The thin line between consistency and success
I have been reading and writing about mastery and how it requires consistency. Ideas like falling in love with boredom as explained clearly by Robert Green in the 50th Law – are ways to boost mastery. Putting in your reps, improving your reading speed, Learning a new programming language, writing frequently. There is a thin line between consistency and success.
These ideas are critical which leads to the questions,
Does consistency lead to Success?
- Consider a college student. They have likely spent more than 10,000 hours in a classroom by this point in their life. Are they an expert at learning every piece of information thrown at them? Not at all. Most of what we hear in class is forgotten shortly thereafter.
- Consider someone who works on a computer each day at work. If you’ve been in your job for years, it is very likely that you have spent more than 10,000 hours writing and responding to emails. Given all of this writing, do you have the skills to write the next great novel? Probably not.
- Consider the average person who goes to the gym each week. Many folks have been doing this for years or even decades. Are they built like elite athletes? Do they possess elite level strength? Unlikely.
No matter what kind of work you do, you probably have a desire to do things differently and make your mark on the world. If you’re not careful, however, you can get caught up in trying to innovate and never actually get anywhere.
This is the key feature of The Helsinki Bus Station Theory is that it urges you to not simply do more work, but to do more re-work.
“So once again, you get off the bus, grab the cab, race back and find a new platform. This goes on all your creative life, always showing new work, always being compared to others. What to do? It’s simple. Stay on the bus. Stay on the f**king bus. Because if you do, in time, you will begin to see a difference.”
– helsinki bus station theory
It’s Not the Work, It’s the Consistency
Average school students learn ideas once. The best college students re-learn ideas over and over. Average employees write emails once. Elite novelists re-write chapters again and again. Average fitness enthusiasts mindlessly follow the same workout routine each week. The best athletes actively critique each repetition and constantly improve their technique. It is the revision that matters most. The best programmers always re-write their code and continually practice new techniques.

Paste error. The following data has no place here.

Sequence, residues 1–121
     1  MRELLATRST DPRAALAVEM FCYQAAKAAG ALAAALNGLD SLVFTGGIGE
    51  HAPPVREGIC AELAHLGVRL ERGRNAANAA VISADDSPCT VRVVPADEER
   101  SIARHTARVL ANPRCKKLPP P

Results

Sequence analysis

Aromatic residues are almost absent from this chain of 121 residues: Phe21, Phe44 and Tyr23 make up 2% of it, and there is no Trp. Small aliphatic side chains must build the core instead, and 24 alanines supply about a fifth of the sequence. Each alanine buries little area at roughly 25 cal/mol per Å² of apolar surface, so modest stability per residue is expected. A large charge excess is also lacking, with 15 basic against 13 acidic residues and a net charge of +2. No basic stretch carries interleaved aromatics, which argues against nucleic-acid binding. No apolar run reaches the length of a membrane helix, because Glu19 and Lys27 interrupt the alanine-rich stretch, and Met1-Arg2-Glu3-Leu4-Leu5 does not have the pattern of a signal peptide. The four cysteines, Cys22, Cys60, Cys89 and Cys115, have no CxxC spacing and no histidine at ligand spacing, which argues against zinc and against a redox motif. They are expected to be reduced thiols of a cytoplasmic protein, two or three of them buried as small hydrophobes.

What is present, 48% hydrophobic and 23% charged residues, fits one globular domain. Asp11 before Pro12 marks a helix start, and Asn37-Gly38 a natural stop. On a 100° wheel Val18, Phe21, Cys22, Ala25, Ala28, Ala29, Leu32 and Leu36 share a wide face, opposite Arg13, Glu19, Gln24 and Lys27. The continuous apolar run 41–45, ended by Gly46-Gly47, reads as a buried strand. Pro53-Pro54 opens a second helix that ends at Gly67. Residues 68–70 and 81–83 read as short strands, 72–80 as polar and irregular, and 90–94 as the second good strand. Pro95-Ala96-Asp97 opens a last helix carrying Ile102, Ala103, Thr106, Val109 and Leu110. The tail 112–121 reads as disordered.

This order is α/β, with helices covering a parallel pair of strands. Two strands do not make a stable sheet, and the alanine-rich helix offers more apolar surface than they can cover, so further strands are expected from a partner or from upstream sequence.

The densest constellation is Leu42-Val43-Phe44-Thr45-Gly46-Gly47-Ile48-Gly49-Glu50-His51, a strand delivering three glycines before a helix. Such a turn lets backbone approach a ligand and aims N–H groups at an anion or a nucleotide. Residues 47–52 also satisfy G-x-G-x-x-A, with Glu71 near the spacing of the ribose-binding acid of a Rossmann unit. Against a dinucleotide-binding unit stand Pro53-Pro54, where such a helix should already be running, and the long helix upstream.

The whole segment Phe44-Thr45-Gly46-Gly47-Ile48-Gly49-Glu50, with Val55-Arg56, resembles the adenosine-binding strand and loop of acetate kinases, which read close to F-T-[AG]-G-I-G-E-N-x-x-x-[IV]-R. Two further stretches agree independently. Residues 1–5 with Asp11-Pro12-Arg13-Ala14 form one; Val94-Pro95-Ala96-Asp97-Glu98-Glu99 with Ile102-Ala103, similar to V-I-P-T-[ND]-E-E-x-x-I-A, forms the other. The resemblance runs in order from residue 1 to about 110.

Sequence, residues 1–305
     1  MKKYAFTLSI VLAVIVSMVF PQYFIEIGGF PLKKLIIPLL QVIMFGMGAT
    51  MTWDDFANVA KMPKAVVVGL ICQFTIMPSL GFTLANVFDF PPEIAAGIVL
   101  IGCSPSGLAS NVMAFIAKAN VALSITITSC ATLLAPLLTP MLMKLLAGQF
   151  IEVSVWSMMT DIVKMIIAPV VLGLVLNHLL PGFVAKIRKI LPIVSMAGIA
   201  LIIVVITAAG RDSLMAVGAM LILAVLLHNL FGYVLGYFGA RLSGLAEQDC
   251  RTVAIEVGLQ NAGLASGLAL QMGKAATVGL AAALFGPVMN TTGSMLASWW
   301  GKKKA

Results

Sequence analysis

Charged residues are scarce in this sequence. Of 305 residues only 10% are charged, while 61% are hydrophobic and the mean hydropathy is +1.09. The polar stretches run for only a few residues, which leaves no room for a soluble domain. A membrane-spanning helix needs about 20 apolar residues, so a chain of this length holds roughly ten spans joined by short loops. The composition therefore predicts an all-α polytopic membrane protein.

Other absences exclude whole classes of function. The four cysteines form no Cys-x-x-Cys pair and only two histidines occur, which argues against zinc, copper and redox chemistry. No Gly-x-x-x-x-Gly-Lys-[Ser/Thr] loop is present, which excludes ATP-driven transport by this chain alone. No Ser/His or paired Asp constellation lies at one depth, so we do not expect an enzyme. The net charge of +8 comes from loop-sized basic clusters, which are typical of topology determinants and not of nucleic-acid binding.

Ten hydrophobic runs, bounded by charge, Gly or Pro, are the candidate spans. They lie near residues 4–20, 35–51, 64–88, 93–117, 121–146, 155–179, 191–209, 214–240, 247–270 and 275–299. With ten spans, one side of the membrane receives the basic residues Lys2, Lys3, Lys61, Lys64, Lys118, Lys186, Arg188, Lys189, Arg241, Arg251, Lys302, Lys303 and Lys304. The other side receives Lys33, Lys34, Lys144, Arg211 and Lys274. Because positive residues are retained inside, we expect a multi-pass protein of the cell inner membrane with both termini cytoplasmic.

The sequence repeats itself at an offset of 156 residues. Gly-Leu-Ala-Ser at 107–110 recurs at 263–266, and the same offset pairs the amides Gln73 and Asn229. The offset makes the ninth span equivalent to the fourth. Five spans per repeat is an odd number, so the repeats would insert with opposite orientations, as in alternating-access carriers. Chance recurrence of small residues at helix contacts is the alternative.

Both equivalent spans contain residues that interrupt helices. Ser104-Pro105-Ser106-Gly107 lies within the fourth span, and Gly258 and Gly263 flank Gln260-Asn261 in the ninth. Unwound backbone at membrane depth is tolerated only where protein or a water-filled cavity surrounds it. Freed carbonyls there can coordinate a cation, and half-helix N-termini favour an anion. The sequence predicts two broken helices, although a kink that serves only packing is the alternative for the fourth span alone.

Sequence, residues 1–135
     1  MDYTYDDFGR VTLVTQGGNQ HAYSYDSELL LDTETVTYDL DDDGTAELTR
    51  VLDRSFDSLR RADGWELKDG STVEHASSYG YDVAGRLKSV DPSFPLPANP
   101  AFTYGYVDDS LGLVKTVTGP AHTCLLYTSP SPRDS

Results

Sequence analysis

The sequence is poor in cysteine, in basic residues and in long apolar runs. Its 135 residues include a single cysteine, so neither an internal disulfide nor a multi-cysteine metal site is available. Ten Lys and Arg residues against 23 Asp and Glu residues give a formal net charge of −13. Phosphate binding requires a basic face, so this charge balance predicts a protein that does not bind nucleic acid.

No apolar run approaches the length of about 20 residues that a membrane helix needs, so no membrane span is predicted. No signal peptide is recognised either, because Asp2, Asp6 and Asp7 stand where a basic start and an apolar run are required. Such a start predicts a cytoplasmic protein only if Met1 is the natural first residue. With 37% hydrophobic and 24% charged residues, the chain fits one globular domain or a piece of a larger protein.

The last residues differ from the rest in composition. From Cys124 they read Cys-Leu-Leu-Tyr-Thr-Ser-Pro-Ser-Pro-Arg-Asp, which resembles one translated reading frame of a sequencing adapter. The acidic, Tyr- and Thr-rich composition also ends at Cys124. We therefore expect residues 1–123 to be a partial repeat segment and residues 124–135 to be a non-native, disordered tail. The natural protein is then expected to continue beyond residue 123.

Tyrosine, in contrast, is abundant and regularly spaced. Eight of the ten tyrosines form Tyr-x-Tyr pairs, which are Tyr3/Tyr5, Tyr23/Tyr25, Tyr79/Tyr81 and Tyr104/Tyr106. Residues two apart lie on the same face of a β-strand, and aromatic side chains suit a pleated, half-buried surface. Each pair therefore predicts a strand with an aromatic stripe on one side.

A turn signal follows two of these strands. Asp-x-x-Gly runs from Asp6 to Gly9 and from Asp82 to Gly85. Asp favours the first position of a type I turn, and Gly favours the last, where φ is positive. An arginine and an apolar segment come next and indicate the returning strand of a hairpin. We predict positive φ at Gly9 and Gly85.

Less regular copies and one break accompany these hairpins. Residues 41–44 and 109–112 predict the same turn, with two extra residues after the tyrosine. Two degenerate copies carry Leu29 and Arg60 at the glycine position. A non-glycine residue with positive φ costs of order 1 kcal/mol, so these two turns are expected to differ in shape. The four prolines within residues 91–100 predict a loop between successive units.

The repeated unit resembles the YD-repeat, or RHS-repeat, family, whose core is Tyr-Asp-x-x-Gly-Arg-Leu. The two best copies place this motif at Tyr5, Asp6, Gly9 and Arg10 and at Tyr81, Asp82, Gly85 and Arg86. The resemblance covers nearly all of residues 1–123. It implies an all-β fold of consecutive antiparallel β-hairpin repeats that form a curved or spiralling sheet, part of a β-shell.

To continue the Helsinki bus metaphor, the photographers who get off the bus after a few stops and then hop on a new bus line are still doing work the whole time. They are putting in their 10,000 hours. What they are not doing, however, is re-work. They are so busy jumping from line to line in the hopes of finding a route nobody has ridden before that they don’t invest the time to re-work their old ideas. And this, as The Helsinki Bus Station Theory makes clear, is the key to producing something unique and wonderful.
You have to be consistent and push through the ideas we are trying to execute. You cant give up and start all over, the journey is the destination.
By staying on the bus, you give yourself time to re-work and revise until you produce something unique, inspiring, and great. It’s only by staying on board that mastery reveals itself. Show up enough times to get the average ideas out of the way and every now and then genius will reveal itself.
Does Consistency Lead to Success?
Malcolm Gladwell’s book Outliers popularized The 10,000 Hour Rule, which states that it takes 10,000 hours of deliberate practice to become an expert in a particular field. I think what we often miss is that deliberate practice is revision. If you’re not paying close enough attention to revise, then you’re not being deliberate.
A lot of people put in 10,000 hours. Very few people put in 10,000 hours of revision. The only way to do that is to stay on the bus.
Which Bus Will You Ride?
We are all creators in some capacity. The manager who fights for a new initiative. The accountant who creates a faster process for managing tax returns. The nurse who thinks up a better way of managing her patients. And, of course, the writer, the designer, the painter, and the musician laboring to share their work out to the world. They are all creators.
Any creator who tries to move society forward will experience failure. Too often, we respond to these failures by calling a cab and getting on another bus line. Maybe the ride will be smoother over there. We move to another line of business , we change relationships easily because one is not working.
Instead, we should stay on the bus and commit to the hard work of revisiting, rethinking, and revising our ideas.
In order to do that, however, you must answer the toughest decision of all. Which bus will you ride? What story do you want to tell with your life? What craft do you want to spend your years revising and improving?
How do you know the right answer? You don’t. Nobody knows the best bus, but if you want to fulfill your potential you must choose one. This is one of the central tensions of life. It’s your choice, but you must choose.
And once you do, stay on the bus.